Ebru Yildiz

If you read articles about how to help someone with depression, you encounter a few common themes. Don’t tell people to “snap out of it.” Don’t say you know what they feel like. Don’t act as though they have a choice in the matter.

The view of depression as a clinical, chemical phenomenon—an illness—is, theoretically, commonly accepted. Still, many people with depression say that it’s often talked about in unhelpful ways. Music, perhaps, can help. Deep, enduring sadness has been a muse for rock artists for most of the genre’s lifespan, but this year has provided a fascinating crop of young talents finding fresh ways to make art about the topic. The most vibrant examples are Mitski, a 25-year-old singer/songwriter, and Car Seat Headrest, a Seattle band. “Catharsis” doesn’t seem like the right word for what they’re doing; they’re dissecting feelings, trying to convey how they work and what effect they have on a person’s life. The joy of the music is partly in recognition—both of truth and of a sharp writer’s talents.

Mitski’s Puberty 2 opens with a dull jackhammering pulse, maybe meant to represent a kind of looming dread. The song is called “Happy,” and she sings about the title emotion as a one-night stand who disappears from her apartment while she’s in the bathroom, leaving her to clean up candy wrappers and other detritus from his visit. Incongruously loud saxophones blare to horrifying effect, but Mitski’s chorus, like many on the album, is surprisingly sweet-sounding. It’s a very smart take on the idea of emotional absence, and in her press materials Mitski explained what exactly she’s going for: “Happiness is up, sadness is down, but one’s almost more destructive than the other. When you realize you can’t have one without the other, it’s possible to spend periods of happiness just waiting for that other wave.”

The theme holds across highlights like “Fireworks,” where an acoustic guitar briskly strums out a chord progression that creates a feeling of melting while Mitski calmly fantasizes sadness fossilizing into “a slight grey in my eye.” For the trip-hoppy reverie of “Thursday Girl,” she sings, “I’m not happy or sad, just up or down and always bad,” and on the short closer “A Burning Hill,” she describes how lack of control can coexist with perfect self-awareness: “I am the fire and I am the forest /And I am a witness watching it.” To cope, she’ll do nothing dramatic, just wear a white button-down so that she can, at least, “be neat.”

If Puberty 2 masterfully demonstrates how a certain kind of melancholy feels, Teens of Denial, the recent album from Car Seat Headrest, is a powerful companion piece for talking about its causes—or its lack thereof. While Mitski’s songs manage to gut the listener while remaining small and sculptural, frontman Will Toledo works in the style of anthemic but lo-fi rock reminiscent of Modest Mouse or the Get Up Kids. It is surging, fist-raising music, but its lyrical concerns are precise, introspective, and often near-political in criticizing how society treats the congenitally sad.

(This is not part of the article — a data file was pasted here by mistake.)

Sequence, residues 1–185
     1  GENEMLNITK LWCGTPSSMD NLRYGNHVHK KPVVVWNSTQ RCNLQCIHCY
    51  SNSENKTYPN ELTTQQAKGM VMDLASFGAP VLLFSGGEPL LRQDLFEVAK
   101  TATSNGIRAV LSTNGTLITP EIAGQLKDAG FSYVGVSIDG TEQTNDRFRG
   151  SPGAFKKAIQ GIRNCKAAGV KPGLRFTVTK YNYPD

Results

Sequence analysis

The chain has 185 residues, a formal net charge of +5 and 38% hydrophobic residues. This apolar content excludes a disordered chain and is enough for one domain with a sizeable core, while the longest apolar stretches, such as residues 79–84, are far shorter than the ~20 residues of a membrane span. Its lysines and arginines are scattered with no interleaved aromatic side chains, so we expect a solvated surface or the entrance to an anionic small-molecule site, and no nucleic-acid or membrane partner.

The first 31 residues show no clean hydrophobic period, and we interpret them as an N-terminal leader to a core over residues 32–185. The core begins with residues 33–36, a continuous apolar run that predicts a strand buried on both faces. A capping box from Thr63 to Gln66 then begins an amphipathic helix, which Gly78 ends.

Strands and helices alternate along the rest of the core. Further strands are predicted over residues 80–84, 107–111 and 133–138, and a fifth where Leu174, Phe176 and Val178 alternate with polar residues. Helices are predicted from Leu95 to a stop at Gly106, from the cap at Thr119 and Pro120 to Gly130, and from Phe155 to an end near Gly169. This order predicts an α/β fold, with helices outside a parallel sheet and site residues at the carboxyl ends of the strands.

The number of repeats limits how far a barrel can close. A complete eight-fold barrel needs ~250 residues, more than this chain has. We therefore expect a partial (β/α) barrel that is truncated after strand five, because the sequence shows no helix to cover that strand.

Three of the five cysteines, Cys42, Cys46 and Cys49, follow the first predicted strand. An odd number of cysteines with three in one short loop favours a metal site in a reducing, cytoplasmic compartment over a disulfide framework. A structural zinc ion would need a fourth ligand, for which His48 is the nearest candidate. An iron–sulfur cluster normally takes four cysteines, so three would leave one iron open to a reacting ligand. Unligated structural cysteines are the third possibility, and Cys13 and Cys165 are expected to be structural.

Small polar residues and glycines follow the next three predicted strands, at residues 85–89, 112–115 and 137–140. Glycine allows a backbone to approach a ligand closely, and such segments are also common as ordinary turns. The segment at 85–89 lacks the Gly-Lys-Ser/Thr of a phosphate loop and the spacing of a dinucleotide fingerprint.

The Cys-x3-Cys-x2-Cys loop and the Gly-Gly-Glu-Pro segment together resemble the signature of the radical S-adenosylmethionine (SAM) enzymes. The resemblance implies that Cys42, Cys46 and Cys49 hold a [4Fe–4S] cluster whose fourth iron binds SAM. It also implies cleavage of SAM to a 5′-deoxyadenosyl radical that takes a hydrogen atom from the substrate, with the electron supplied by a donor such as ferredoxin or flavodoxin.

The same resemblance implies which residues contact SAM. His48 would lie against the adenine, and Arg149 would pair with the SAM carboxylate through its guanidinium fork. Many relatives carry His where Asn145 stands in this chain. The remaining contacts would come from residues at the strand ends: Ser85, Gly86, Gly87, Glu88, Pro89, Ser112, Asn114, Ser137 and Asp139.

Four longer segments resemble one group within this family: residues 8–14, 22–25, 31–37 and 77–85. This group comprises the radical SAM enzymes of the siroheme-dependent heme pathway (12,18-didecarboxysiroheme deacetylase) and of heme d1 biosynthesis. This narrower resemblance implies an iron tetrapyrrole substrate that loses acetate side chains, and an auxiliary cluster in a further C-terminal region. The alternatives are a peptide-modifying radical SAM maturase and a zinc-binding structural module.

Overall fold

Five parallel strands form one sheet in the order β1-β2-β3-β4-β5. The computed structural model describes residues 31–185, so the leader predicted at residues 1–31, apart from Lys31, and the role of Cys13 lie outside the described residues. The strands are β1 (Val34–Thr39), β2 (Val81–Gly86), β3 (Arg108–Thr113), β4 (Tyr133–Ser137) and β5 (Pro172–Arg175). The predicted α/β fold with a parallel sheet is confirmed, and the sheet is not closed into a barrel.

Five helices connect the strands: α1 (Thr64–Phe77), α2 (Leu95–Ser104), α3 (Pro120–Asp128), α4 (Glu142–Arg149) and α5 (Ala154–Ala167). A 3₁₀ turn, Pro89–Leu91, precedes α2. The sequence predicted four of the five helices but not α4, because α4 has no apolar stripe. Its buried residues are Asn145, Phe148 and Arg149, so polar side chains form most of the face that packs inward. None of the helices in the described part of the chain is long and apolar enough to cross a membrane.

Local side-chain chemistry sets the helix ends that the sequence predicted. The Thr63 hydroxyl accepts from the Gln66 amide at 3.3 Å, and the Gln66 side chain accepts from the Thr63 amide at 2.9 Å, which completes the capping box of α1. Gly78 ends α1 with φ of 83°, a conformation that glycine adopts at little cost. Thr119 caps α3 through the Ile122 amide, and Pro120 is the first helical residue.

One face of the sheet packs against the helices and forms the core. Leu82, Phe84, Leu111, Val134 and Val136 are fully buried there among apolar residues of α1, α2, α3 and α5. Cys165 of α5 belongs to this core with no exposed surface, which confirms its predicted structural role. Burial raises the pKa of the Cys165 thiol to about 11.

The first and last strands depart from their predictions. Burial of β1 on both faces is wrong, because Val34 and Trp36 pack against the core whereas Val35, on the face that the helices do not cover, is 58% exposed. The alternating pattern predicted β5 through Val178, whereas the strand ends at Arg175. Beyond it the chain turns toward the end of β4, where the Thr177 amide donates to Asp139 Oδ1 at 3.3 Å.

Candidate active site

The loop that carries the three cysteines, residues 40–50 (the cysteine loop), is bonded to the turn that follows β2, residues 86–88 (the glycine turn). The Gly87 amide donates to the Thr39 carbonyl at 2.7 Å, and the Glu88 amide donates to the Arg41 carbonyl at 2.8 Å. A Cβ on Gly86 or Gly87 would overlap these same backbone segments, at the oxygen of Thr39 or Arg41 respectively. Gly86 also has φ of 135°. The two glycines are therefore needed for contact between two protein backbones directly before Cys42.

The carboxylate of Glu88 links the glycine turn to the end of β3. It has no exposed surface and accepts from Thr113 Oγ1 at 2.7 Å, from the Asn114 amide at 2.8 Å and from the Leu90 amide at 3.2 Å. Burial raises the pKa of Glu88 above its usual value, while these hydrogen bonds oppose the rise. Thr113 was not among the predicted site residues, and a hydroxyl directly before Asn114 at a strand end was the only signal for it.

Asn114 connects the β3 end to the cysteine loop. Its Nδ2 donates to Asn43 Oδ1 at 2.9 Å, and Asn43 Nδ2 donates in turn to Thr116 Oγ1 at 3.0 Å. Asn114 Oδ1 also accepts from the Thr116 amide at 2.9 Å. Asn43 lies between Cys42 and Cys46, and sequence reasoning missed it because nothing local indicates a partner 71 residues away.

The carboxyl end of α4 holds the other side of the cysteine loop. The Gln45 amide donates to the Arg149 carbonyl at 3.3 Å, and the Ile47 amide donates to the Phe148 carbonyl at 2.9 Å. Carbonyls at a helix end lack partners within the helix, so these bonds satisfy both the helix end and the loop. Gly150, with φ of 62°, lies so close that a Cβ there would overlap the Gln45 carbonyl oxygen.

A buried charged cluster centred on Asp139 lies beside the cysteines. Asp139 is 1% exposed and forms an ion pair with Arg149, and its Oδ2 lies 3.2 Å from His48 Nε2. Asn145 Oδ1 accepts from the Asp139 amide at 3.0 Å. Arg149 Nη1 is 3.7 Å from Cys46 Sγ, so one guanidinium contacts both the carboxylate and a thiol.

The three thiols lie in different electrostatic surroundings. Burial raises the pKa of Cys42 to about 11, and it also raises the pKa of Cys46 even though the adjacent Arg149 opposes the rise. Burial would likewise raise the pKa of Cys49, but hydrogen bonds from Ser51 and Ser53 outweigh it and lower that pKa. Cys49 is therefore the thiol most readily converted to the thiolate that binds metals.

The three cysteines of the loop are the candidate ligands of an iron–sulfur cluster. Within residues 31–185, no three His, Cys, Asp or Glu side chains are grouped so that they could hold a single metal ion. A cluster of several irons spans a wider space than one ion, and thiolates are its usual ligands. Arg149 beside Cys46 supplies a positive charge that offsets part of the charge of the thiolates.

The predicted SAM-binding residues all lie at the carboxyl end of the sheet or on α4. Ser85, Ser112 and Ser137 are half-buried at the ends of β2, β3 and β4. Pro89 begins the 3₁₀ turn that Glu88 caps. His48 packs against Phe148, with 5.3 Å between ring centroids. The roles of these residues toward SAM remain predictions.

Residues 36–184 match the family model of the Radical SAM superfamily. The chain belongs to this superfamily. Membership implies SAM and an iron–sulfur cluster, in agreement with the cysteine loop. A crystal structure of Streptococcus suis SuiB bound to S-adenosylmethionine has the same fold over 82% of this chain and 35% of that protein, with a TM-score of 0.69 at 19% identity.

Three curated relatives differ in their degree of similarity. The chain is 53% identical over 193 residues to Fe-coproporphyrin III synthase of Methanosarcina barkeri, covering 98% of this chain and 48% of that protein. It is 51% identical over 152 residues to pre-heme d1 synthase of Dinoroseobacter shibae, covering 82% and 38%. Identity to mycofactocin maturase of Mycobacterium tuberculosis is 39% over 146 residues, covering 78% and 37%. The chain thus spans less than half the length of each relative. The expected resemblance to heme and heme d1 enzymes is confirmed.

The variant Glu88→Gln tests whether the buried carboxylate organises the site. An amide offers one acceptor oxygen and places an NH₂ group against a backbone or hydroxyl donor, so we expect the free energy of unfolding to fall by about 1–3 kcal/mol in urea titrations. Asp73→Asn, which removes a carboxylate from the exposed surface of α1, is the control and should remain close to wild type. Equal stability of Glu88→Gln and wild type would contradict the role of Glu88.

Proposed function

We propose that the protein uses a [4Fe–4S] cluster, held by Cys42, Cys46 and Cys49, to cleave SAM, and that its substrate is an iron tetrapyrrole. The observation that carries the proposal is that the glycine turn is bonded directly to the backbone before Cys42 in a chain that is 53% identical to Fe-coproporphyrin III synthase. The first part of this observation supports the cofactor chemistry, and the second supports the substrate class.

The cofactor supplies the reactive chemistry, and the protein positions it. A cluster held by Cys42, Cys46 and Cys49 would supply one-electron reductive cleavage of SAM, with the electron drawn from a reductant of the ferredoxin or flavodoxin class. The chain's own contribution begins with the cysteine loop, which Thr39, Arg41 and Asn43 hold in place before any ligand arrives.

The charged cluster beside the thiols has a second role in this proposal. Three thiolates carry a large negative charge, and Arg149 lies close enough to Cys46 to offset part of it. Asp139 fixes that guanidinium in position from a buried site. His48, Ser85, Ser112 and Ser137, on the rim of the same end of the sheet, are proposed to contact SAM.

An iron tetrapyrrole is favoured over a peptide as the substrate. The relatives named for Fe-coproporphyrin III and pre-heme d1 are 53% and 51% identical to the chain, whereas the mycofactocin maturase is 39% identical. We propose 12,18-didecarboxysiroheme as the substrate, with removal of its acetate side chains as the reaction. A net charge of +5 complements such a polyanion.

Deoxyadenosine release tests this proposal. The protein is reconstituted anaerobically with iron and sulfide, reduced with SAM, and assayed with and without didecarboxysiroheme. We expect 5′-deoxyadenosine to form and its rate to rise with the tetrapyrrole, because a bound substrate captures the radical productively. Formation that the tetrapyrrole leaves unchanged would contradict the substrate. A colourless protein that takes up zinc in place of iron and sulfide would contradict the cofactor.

The opener “Fill in the Blank” uses the conceit of its title to suggest the interchangeability of emotional drains, while the chorus is from the point of view of shiny-happy critics: “You have no right to be depressed / you haven’t tried hard enough to like it.” The trope of the gloriously tortured artist gets sneered at on the jittery “Vincent”: Vincent van Gogh, Toledo informs us, has his picture on the Wikipedia page about clinical depression. On another standout, “Drunk Drivers/Killer Whales,” Toledo sings about feelings as topography, and the metaphor is mirrored in the music’s veering from valleys of strumming to distorted, noisy peaks. The song’s title refers to two very different feelings—leaving a party, and watching the animal-rights documentary Blackfish—that lead to the same feeling of malaise.

It’s a great insight, the notion that a small trigger can upend someone’s entire state. When I saw Mitski perform Wednesday night in Boston, she issued a warning from the stage: “I was reading Hamlet right until I came up here, which was a bad idea. It’s made me very morose.” The news came with a laugh and an acknowledgment that it sounded like a cliché. As the audience then sang back the words she’d recorded on her most recent three albums, it made those words seem all the more extraordinarily specific. That was especially the case for “Last Words of a Shooting Star,” on which she tells of how sudden airplane turbulence makes her imagine what people will think of her bedroom after she’s dead—all of which, conceivably, could be another metaphor for sadness that comes and goes without warning.

But after just 45 minutes of intense performance, with a number of great Puberty 2 songs yet unplayed, the lights went up and Mitski left the stage. “She didn’t want to be up there tonight,” someone near me said. That, of course, was pure presumption—“You actually don’t know me,” Mitski had earlier told an overeager crowd member. You can understand, though, why her songs might make people feel otherwise.

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